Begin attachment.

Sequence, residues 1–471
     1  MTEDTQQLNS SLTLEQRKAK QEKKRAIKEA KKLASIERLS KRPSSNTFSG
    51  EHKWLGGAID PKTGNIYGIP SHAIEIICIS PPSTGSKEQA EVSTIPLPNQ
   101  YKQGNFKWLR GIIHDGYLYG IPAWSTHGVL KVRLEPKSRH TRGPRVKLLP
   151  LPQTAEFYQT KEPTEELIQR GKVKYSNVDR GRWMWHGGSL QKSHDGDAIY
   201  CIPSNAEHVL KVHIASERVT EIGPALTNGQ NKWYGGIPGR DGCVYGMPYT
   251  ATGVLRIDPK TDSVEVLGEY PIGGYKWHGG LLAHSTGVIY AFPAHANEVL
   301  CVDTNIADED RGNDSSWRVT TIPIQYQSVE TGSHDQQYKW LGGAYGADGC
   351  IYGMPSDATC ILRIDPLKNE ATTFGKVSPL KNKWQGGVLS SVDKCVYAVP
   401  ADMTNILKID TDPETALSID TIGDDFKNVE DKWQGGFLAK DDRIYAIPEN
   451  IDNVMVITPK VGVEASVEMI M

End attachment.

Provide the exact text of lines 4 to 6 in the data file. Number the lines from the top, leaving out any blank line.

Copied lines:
   101  YKQGNFKWLR GIIHDGYLYG IPAWSTHGVL KVRLEPKSRH TRGPRVKLLP
   151  LPQTAEFYQT KEPTEELIQR GKVKYSNVDR GRWMWHGGSL QKSHDGDAIY
   201  CIPSNAEHVL KVHIASERVT EIGPALTNGQ NKWYGGIPGR DGCVYGMPYT